1. If Walls Could Talk: An Intimate History of the Home by Lucy Worsley - This is a really, really fun book. (If a slow read. I couldn't stick with it for more than a brief chapter at a time, so it took forever to get through.) Worsley is an historian in the UK of fairly prominant stature, and in this book she has laid out an interesting look at the different rooms of the home and how they developed throughout history. Also included is a look at the things we humans actually DO in each room. Sometimes I wish there had been MORE detail. Often I wished that there was an American counterpart. Nonetheless, it was a fascinating, enjoyable read. If you like to look at history from the everyday standpoint of how people actually lived, this is the book for you!
2. Domestic Violets, Matthew Norman - Domestic Violets was a Books on the Nightstand recommednation, and so when it popped up on iBook's discount list I had to buy it! (I frequent that list, and have found some amazing books that way.) The entire novel was a very interesting father/son story....and I definitly related to the concept that one's father can be so very larger in life that it overwhelms yours. (Although quite happily, my father is NOTHING like the senior Violet.) I also love that it was a novel about writers. Unfortunately, my reading of this novel was swept away on the events of June....and a few weeks later I find that it's probably one of the least memorable novels I've read in a while. So fun....but nothing truly special.
3. Scarlet, Stephen R. Lawhead (audio) - This is the second book in Lawhead's Robin Hood triligy. I love that each book is told from the point of view of the title character, and I love Lawhead's Will Scarlet....who's more sincere and down to earth than Will usually is. There was an odd trick of storytelling - with most of the book being told as a flashback while Will is in prison, delaying his execution by confessing in great detail to a monk. The first couple of times he broke into current time banter it caught me off gaurd and I admit to momentary confussion.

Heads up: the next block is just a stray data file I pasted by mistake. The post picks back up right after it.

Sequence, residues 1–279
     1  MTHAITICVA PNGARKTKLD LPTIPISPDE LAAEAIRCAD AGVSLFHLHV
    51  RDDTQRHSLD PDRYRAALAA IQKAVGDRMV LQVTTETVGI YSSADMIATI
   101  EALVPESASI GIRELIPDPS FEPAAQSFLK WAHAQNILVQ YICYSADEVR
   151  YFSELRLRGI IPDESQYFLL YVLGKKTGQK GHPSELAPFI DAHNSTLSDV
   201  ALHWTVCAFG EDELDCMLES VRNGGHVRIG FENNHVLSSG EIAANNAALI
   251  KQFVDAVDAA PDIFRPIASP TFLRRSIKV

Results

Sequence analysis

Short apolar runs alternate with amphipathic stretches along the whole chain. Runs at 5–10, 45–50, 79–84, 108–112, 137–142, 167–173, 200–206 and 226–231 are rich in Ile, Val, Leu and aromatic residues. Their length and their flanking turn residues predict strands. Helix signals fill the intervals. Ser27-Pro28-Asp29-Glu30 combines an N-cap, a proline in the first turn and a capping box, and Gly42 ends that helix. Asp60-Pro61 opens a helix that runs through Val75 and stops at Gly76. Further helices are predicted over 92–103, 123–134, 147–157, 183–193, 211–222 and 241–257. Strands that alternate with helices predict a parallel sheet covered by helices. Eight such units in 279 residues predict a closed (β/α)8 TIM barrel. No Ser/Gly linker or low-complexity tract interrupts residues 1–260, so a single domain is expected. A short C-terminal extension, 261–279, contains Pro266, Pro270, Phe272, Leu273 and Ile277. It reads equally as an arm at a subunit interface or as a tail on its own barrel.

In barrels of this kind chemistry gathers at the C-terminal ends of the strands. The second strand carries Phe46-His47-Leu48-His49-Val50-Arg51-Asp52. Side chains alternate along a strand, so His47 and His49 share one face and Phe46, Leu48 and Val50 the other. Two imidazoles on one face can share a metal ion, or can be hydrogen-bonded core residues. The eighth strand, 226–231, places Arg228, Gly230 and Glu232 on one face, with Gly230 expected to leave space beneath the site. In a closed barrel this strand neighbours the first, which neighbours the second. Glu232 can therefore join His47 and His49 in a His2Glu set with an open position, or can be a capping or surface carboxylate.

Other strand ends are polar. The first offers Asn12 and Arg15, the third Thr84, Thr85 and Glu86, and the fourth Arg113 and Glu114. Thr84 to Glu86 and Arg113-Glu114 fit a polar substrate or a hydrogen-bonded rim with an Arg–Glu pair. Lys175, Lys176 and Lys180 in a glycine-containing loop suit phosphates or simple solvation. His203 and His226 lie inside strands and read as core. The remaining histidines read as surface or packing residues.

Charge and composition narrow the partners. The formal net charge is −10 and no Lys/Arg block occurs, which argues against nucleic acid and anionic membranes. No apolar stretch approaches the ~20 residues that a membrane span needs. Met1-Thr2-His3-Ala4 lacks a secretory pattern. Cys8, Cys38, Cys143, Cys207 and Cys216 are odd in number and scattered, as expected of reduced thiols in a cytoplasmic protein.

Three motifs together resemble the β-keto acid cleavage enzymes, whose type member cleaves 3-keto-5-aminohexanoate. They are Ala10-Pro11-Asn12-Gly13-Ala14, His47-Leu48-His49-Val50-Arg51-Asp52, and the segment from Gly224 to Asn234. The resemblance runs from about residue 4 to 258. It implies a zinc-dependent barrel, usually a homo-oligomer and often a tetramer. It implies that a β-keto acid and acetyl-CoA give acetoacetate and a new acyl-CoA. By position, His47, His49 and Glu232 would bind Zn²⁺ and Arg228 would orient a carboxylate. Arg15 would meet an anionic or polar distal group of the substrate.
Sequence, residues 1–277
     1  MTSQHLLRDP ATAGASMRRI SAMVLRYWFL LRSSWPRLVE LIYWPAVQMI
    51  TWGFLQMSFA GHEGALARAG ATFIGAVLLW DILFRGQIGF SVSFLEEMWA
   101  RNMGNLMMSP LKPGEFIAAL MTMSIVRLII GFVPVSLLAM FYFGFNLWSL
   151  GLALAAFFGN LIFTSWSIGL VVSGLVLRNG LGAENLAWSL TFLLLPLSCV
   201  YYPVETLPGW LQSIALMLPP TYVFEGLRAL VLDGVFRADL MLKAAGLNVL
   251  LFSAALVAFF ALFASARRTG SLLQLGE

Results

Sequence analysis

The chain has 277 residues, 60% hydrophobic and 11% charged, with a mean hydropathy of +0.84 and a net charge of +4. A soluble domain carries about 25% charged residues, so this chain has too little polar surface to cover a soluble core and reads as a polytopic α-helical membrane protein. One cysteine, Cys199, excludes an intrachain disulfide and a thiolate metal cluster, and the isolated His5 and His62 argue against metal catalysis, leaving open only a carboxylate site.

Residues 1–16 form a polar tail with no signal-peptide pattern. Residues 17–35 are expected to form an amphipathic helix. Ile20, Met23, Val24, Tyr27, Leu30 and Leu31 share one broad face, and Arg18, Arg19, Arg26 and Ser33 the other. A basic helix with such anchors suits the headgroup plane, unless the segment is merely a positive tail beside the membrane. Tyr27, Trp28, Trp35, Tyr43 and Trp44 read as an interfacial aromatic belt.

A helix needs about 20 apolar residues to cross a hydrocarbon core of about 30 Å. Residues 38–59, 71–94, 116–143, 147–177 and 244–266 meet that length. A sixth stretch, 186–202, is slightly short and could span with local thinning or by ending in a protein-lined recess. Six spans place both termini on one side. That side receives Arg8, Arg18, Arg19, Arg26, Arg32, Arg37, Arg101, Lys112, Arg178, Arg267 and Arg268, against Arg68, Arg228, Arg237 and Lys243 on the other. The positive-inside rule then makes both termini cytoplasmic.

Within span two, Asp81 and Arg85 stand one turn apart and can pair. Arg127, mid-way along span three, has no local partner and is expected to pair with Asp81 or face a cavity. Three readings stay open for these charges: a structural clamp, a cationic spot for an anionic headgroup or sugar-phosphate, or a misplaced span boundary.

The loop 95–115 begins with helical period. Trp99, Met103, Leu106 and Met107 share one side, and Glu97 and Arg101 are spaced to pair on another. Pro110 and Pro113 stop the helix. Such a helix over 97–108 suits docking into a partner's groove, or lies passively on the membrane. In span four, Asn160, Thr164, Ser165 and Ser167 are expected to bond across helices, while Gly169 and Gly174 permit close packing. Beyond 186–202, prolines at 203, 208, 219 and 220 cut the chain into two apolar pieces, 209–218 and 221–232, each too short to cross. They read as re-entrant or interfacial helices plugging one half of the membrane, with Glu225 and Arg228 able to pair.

4. Tuck, Stephen R. Lawhead (audio) - So here's the funny. Tuck, the third book, came available for checkout first...and I had to wait on pins and needles to see if Scarlet would become available before my download of Tuck expired. I wanted badly to read them back to back! With just four days left on my checout of Tuck that happened....thank goodness they are each only about 12 hours so that I could get through them both in that four days! Tuck is actually the least interesting narrating character...but then in the final book there is so much stuff going on it's kind of nice that the personality recedes a bit in favor of plot.
5. Among Others, Jo Walton - I got this recommendation from a friend of mine, and I'm so very glad I read it. For so many years all I read was fantasy with a smattering of sci fi, but I've moved quite a bit away from my favorite genres since I started tracking my reading and using recommendations from various literary sources like BOTNS. Among Others, quite simply, is a beautiful book. Having recently reread my teenage diaries, I can attest to the fact that it's framing in the pages of a teen's diary reads very true. Also, our main character, Mor, is a broken girl who loves/escapes with books. Ahem. (I both absolutely loved that, and was also made pretty uncomfortable by it.) I have a feeling this one is going to stick with me for a long, long while.
A bit on what to expect from next month's book list:
- Will probably be skipping audio books as I am catching up on my podcasts, including back episodes of some new shows that I've found.
- I have some not-so-fun-but-neccessary nonfiction to read
- Maybe....just maybe....I'll give myself some silly, escapist fiction to cover the rest.